By Veronika Kyrylenko
The Biden administration on Tuesday called on Congress to approve emergency funding for disaster relief packaged together with Afghan refugee resettlement as part of a short-term spending bill, or a short-term continued resolution (CR), which would cost $30 billion.
Office of Management and Budget (OMB) Acting Director Shalanda Young wrote a letter to Congress asking to approve a short-term CR that would help to “address two […] urgent needs: responding to recent and ongoing natural disasters, and meeting our commitments to our Afghan allies and partners.”
The first “urgent need” includes the aftermath of the disasters from the last 18 months, such as Hurricanes Laura and Delta, as well as more recent needs stemming from ongoing wildfires and Hurricane Ida. To address these needs, the OMB asks the lawmakers to allocate “over $14 billion” for natural disasters before Hurricane Ida, and additional “at least $10 billion” to repair from the damages left in Ida’s immediate wake. The money would be spent on highway repairs and transit agencies, small-business disaster loans, block grants for housing and infrastructure development, and the Federal Emergency Management Agency’s fund for major disasters, per the letter.
The very next paragraph of Young’s message is dedicated to “our commitments to [tens of thousands of] Afghan allies and partners,” the resettling of whom would cost taxpayers some $6.4 billion. The OMB specified the lion’s share of the requested funds would be appropriated by the Defense and State departments to support processing sites overseas and in the United States, as well as transportation between processing sites.
While Young states that all Afghan evacuees undergo a strict biometric and biographic security screening before they are allowed into America, and also receive “extensive COVID-19 and other public health precautions,” in reality, the reports on the refugees pouring into the United States suggest the security protocols presumably applied to them have room for improvement.
As The New American recently reported, as of August 28, 95,000 Afghans had been evacuated from Kabul, and a massive number of them had no proof of identification whatsoever. Moreover, many of them were associated with various Islamist terrorist groups. Per the report: “At least 100 of these refugees are on terror watch lists, and one evacuated man apparently works directly for the brutal Islamic State, infamous for burning people alive and drowning them in cages.”
Defense One reported that, per the Department of Defense, “up to 100 of the 7,000 Afghans evacuated as prospective recipients of Special Immigrant Visas (SIVs) seeking permanent resettlement in the U.S. have been ‘flagged’ as potential matches to intelligence agency watch lists.”
In addition to that, NBC News stated that six days prior to the deadline for Americans to leave Afghanistan, on August 25, no biometric screening was available at the Hamid Karzai International Airport. According to the outlet, the U.S. mission team disclosed at least five cases of Afghans who presented U.S. passports that didn’t belong to them.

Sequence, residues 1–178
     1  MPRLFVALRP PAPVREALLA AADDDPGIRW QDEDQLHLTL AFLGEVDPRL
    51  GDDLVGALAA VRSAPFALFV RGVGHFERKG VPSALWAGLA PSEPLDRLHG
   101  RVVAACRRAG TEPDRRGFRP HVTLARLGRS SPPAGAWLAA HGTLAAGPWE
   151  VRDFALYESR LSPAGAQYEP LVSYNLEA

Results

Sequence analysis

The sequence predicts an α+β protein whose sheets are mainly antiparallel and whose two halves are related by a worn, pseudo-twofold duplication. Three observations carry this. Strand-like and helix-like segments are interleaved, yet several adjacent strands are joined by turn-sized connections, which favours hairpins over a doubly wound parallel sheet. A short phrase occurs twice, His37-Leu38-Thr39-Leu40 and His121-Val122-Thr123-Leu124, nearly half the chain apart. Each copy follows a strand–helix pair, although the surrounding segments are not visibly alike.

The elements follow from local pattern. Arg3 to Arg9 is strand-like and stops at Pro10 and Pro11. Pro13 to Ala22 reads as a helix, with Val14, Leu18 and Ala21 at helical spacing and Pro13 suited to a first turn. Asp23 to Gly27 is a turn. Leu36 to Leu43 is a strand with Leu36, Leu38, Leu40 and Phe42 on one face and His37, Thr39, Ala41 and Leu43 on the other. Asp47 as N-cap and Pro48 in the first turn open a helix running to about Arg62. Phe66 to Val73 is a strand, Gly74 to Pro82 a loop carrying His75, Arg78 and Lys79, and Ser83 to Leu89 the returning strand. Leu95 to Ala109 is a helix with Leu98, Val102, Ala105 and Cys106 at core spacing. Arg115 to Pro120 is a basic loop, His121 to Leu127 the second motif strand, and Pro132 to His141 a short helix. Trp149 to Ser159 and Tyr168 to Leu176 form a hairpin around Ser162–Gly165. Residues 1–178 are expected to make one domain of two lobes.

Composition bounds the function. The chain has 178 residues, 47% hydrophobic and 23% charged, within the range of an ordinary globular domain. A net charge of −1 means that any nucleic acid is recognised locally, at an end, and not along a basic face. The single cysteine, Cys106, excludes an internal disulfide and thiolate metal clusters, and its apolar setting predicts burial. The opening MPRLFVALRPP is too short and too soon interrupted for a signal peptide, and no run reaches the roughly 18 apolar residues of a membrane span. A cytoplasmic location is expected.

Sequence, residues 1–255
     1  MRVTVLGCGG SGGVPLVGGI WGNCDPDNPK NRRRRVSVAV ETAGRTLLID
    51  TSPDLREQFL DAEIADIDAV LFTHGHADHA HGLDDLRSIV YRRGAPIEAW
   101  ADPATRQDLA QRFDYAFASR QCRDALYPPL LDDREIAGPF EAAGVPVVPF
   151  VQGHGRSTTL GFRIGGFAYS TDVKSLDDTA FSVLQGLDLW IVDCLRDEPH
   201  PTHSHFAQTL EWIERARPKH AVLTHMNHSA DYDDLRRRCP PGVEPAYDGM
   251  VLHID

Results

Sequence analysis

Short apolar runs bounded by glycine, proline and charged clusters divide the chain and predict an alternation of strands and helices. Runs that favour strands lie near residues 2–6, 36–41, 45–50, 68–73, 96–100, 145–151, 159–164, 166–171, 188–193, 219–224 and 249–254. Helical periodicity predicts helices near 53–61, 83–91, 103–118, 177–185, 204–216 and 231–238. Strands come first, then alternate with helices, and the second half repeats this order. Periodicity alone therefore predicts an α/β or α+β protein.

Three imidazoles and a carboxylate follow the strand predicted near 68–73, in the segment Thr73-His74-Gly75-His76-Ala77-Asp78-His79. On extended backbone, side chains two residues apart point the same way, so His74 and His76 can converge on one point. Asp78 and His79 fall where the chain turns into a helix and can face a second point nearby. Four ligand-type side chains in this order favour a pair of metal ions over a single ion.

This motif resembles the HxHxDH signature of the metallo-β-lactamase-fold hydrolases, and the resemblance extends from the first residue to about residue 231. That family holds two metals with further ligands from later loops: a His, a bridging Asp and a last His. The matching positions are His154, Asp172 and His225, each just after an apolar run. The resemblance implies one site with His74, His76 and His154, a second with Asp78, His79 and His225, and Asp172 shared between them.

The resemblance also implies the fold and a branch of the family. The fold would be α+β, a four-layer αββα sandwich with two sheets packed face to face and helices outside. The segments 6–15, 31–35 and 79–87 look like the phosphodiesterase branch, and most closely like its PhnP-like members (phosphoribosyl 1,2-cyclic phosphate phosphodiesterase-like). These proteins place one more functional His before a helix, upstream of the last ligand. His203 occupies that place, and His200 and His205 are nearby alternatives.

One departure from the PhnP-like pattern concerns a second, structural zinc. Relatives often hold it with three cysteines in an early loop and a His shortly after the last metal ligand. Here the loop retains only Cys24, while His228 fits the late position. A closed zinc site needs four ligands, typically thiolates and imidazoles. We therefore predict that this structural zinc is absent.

Around the same period of time, as the frantic evacuation of Afghans was underway, it turned out the situation may foster child trafficking and abuse. Purportedly, some of the older refugees “were admitted together with young girls they claimed as ‘brides’ or otherwise sexually abused,” per the Associated Press report. The outlet adds that according to the internal documents of the State Department, it has sought “urgent guidance” from other agencies after purported child brides were brought to Fort McCoy in Wisconsin. There was also a report, per the AP, stating that Afghan girls at a transit site in Abu Dhabi have alleged they have been raped by older men they were forced to marry in order to escape Afghanistan after the Taliban takeover.
Despite the poor security screening — if any — the Pentagon announced on August 27 that it will be placing tens of thousands of refugees in U.S. domestic military bases. Reportedly, 65,000 more Afghans are expected to make it to America in September, and 30,000 more within 12 months — that’s on top of the official 62,500 refugee admission cap set for 2021.
Tying hurricane-relief funding to the settlement of Afghan refugees seemed like an extremely unfair venture to many.
Former President Trump’s senior advisor Stephen Miller called on Congress to push for Biden to separate the “refugee slush fund” from the rest of what’s being proposed. He wrote: “It’s scandalous that Biden is linking disaster relief for Americans with a slush fund to resettle random unvetted, unscreened, unverified and unauthorized Afghan migrants across USA. Biden is holding relief for American storm victims hostage to his radical migration agenda.” Miller added that $6.4 billion that OMB needs for the refugees is “just the beginning,” since the long-term housing, education, healthcare, and welfare costs will account for “many billions more.”
On Wednesday, House Republicans pressured President Joe Biden to answer questions about the vetting process of Afghans who have been allowed entry to the United States, citing security concerns.
Former President Donald Trump, similarly, stated: “In addition to the southern border, with millions of unvetted people pouring in, we now have tens of thousands of totally unvetted Afghans, who many say are not the ones that should have come in. How many terrorists are among them?”
The answer is — nobody knows. But we’ll be paying for their accommodations.